The aim is to enable developers to deliver a wide range of transformative, latency-sensitive use cases such as smart cars, IoT and augmented and virtual reality, according to AWS. The service will also be coming to Europe via Vodafone sometime in 2020.

“Vodafone is pleased to be the first telco to introduce AWS Wavelength in Europe,” said Vinod Kumar, CEO of Vodafone Business. “Faster speeds and lower latencies have the potential to revolutionise how our customers do business and they can rely on Vodafone’s existing capabilities and security layers within our own network.”

AWS re:Invent 2019 keynote: ML and quantum moves amid modernisation and transformation message

“If you wake up on a Casper mattress, work out with a Peloton before breakfast, Uber to your desk at a WeWork, order DoorDash for lunch, take a Lyft home, and get dinner through Postmates,” wrote The Atlantic’s Derek Thompson in October, “you’ve interacted with seven companies that will collectively lose nearly $14 billion this year.”

It is a well-worn line, and as WeWork’s collapse showed, there is plenty of pushback when it comes to the gig economy champions. Yet at the start of his re:Invent keynote today, Amazon Web Services (AWS) CEO Andy Jassy cited Uber, Lyft and Postmates, as well as Airbnb, as examples of the overall keynote theme around transformation. “These startups have disrupted longstanding industries that have been around for a long time from a standing start,” said Jassy.

An eyebrow-raising opening, perhaps. Yet, backed by the re:Invent band once more with half a dozen songs ranging from Van Halen to Queen – AWS has heard of the former even if Billie Eilish hasn’t – the rationale was straightforward. If you’re making a major transformation, then you need to get your ducks in a row; senior leadership needs to be on board, with top-down aggressive goals and sufficient training.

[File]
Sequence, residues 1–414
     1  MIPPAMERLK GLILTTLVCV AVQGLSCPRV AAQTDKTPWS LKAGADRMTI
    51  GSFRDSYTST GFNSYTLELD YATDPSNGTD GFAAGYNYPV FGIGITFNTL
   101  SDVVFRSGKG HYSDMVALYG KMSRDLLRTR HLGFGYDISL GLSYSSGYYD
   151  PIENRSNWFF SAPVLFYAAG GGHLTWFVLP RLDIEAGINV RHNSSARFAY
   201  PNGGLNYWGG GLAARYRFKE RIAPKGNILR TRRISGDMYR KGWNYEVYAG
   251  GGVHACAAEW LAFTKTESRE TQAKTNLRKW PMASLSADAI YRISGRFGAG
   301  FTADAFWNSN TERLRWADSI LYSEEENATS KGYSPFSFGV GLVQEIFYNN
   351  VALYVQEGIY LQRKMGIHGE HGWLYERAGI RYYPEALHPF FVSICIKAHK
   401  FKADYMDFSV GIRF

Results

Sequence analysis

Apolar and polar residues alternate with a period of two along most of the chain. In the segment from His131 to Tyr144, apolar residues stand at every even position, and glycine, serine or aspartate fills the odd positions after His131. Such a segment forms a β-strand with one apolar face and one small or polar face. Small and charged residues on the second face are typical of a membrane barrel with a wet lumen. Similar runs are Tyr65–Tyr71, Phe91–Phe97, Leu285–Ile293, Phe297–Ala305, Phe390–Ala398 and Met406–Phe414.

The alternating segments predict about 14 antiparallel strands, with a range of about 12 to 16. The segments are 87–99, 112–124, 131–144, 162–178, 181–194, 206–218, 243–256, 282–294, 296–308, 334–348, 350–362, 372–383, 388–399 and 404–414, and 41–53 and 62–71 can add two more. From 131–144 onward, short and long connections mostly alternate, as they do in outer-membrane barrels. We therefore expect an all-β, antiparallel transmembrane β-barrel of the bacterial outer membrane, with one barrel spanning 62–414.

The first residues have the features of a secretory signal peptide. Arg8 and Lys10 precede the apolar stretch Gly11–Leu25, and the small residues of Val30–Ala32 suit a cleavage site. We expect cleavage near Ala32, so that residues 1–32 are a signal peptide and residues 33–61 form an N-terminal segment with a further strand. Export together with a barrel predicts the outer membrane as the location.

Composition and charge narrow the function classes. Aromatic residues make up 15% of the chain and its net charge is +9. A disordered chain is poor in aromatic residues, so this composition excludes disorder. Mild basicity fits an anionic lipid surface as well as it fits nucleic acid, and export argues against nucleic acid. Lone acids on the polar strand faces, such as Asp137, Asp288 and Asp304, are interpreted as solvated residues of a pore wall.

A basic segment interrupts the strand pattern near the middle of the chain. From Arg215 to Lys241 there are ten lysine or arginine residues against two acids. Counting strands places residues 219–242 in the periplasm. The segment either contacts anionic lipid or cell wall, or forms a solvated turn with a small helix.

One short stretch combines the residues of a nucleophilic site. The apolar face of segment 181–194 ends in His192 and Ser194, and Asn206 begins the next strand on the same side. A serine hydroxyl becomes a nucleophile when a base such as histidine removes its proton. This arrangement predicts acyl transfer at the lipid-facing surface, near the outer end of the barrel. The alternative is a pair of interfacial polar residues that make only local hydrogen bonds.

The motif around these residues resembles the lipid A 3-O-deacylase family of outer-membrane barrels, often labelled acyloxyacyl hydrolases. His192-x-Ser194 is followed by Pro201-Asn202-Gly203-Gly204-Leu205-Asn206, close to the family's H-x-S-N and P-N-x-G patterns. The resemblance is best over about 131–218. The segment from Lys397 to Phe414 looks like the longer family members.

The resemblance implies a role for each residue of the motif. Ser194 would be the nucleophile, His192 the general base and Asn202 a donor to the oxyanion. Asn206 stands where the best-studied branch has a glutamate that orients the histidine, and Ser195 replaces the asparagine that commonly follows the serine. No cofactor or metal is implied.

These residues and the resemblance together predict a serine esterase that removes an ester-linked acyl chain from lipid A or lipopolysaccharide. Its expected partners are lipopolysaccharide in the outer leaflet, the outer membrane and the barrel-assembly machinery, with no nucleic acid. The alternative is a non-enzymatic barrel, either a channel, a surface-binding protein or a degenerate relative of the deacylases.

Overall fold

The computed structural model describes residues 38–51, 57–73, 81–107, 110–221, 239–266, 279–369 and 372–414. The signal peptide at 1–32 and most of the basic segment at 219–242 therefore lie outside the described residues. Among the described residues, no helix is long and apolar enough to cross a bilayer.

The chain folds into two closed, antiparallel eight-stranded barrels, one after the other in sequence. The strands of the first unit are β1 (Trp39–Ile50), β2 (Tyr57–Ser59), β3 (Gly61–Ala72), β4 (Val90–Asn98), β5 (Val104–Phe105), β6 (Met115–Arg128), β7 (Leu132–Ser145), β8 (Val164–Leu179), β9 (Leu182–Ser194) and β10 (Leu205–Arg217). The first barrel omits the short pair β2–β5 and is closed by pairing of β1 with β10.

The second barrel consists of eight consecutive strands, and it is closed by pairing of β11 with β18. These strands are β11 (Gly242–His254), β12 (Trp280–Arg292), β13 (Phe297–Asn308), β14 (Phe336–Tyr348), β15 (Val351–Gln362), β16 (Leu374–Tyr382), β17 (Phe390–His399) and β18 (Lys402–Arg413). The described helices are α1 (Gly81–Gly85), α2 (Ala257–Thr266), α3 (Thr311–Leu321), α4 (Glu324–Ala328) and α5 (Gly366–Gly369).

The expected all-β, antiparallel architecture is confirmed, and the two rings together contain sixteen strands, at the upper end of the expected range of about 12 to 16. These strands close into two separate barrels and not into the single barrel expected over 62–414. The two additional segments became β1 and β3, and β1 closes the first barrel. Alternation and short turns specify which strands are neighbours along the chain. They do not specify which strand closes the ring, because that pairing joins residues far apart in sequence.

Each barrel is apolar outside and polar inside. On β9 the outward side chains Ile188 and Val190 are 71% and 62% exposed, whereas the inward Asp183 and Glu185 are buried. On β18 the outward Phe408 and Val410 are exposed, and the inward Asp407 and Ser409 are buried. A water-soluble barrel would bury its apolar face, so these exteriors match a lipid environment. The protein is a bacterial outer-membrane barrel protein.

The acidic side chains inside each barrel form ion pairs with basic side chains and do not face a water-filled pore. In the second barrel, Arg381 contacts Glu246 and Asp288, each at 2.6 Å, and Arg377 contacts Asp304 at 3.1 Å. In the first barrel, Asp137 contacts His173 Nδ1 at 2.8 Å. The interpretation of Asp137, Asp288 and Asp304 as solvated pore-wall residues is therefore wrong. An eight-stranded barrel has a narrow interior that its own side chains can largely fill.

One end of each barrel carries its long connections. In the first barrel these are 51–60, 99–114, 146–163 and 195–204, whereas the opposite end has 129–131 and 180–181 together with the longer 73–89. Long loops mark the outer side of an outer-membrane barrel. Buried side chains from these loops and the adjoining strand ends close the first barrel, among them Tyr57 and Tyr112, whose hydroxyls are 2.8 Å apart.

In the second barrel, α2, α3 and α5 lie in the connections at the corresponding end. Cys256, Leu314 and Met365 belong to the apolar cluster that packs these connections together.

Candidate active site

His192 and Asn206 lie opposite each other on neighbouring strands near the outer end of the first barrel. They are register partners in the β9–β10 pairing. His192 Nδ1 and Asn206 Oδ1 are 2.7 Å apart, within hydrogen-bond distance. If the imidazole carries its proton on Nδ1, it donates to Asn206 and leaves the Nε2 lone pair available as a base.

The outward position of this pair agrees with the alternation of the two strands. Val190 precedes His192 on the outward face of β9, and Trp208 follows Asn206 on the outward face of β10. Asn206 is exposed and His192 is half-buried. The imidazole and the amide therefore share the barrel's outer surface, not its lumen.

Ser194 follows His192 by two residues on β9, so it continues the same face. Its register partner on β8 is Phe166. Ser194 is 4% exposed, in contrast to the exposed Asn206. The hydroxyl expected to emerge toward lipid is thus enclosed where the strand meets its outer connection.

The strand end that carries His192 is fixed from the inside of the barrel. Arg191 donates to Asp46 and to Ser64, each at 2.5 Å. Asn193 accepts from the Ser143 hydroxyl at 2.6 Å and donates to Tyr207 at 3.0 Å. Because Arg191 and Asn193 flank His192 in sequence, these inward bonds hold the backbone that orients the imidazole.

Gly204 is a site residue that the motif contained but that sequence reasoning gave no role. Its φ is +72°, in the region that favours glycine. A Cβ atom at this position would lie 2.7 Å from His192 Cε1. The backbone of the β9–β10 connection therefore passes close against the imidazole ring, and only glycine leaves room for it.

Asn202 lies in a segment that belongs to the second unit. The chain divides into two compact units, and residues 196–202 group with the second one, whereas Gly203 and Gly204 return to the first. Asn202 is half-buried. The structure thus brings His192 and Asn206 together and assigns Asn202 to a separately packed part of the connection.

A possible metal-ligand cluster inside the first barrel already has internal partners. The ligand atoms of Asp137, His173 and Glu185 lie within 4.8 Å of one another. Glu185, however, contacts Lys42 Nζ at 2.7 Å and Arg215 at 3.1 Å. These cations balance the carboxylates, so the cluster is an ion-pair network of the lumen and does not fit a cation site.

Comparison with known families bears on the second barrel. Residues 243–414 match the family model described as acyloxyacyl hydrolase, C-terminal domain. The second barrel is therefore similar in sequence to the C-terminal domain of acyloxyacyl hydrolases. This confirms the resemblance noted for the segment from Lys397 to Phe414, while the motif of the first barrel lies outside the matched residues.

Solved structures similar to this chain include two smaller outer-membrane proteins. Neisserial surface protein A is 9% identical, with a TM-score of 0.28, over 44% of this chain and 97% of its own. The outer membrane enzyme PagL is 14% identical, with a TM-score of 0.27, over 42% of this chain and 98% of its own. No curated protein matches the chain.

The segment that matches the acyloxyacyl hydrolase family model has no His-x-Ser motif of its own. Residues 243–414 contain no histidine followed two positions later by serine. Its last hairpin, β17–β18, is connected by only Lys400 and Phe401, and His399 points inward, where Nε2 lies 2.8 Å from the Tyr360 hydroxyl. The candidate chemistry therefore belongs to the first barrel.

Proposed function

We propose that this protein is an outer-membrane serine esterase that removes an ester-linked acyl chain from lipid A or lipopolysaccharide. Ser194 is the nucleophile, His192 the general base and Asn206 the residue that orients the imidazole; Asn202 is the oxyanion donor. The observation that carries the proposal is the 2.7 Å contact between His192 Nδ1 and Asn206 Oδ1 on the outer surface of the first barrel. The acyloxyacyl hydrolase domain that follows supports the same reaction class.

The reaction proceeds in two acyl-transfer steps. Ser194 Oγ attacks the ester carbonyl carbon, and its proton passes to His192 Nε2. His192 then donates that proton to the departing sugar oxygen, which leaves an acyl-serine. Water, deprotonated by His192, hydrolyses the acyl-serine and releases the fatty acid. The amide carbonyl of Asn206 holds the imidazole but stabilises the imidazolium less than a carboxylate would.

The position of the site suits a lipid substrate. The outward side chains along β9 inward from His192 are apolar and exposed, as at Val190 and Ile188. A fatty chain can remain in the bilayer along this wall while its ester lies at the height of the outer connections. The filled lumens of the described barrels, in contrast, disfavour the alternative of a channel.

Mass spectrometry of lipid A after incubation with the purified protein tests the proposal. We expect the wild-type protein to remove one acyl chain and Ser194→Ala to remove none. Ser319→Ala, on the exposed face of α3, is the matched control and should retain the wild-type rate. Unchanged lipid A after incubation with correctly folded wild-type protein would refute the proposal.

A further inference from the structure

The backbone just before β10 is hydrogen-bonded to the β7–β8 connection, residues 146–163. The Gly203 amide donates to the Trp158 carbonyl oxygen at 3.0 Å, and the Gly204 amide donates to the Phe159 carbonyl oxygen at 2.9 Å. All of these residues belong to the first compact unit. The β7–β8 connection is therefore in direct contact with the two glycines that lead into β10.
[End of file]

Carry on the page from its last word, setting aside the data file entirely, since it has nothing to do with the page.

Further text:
“Once you decide as a company that you’re going to make this transition to the cloud, your developers want to move as fast as possible,” said Jassy. This beget the now-standard discussion around the sheer breadth of services available to AWS customers – more than 175 at the most recent count – with Jassy noting that certain unnamed competitors were ‘good at being checkbox heroes’ but little else.

This was not the only jibe the AWS chief exec landed on the opposition. From transformation, another key element for discussion was around modernisation. This was illustrated by a ‘moving house’ slide (below) which was self-explanatory in its message. Jassy took extra time to point out the mainframe and audit notices. While IBM and particularly Oracle have been long-term targets, the Microsoft box is an interesting addition. Jassy again noted AWS’ supremacy with regard to Gartner’s IaaS Magic Quadrant – adding the gap between AWS and Microsoft was getting bigger.

Last year, the two big headlines were around blockchain and hybrid cloud. Amazon Managed Blockchain did what it said on the tin, but AWS Outposts aimed to deliver a ‘truly consistent experience’ by bringing AWS services, infrastructure and operating models to ‘virtually any’ on-prem facility. Google Cloud’s launch – or relaunch – of Anthos was seen as a move in the same vein, while Azure Arc was seen by industry watchers as Microsoft’s response.

This is prescient as plenty of the product updates could be seen as an evolution of 2018’s re:Invent announcements. Instead of storage, Jassy this time focused on compute; instances and containers.

One piece of news did leak out last week around AWS building a second-generation custom server chip – and this was the first announcement which Jassy confirmed. The M6g, R6g, and C6g Instances for EC2 were launched based on the AWS Graviton 2 processors. “These are pretty exciting, and they provide a significant improvement over the first instance of the Graviton chips,” said Jassy. Another instance launch was seen as another upgrade. While AWS Inferentia was launched last year as a high-performance machine learning inference chip, this year saw Inf1 Instances for EC2, powered by Inferentia chips.